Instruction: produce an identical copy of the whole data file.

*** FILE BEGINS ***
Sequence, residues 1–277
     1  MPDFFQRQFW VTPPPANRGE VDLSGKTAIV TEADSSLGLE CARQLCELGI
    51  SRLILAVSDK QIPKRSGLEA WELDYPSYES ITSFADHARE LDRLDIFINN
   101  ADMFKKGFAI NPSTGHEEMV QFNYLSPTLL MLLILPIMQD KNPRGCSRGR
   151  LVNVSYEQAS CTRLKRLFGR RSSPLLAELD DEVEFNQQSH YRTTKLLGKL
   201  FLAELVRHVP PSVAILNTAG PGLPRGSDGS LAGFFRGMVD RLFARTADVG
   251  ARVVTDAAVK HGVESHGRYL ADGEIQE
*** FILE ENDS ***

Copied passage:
Sequence, residues 1–277
     1  MPDFFQRQFW VTPPPANRGE VDLSGKTAIV TEADSSLGLE CARQLCELGI
    51  SRLILAVSDK QIPKRSGLEA WELDYPSYES ITSFADHARE LDRLDIFINN
   101  ADMFKKGFAI NPSTGHEEMV QFNYLSPTLL MLLILPIMQD KNPRGCSRGR
   151  LVNVSYEQAS CTRLKRLFGR RSSPLLAELD DEVEFNQQSH YRTTKLLGKL
   201  FLAELVRHVP PSVAILNTAG PGLPRGSDGS LAGFFRGMVD RLFARTADVG
   251  ARVVTDAAVK HGVESHGRYL ADGEIQE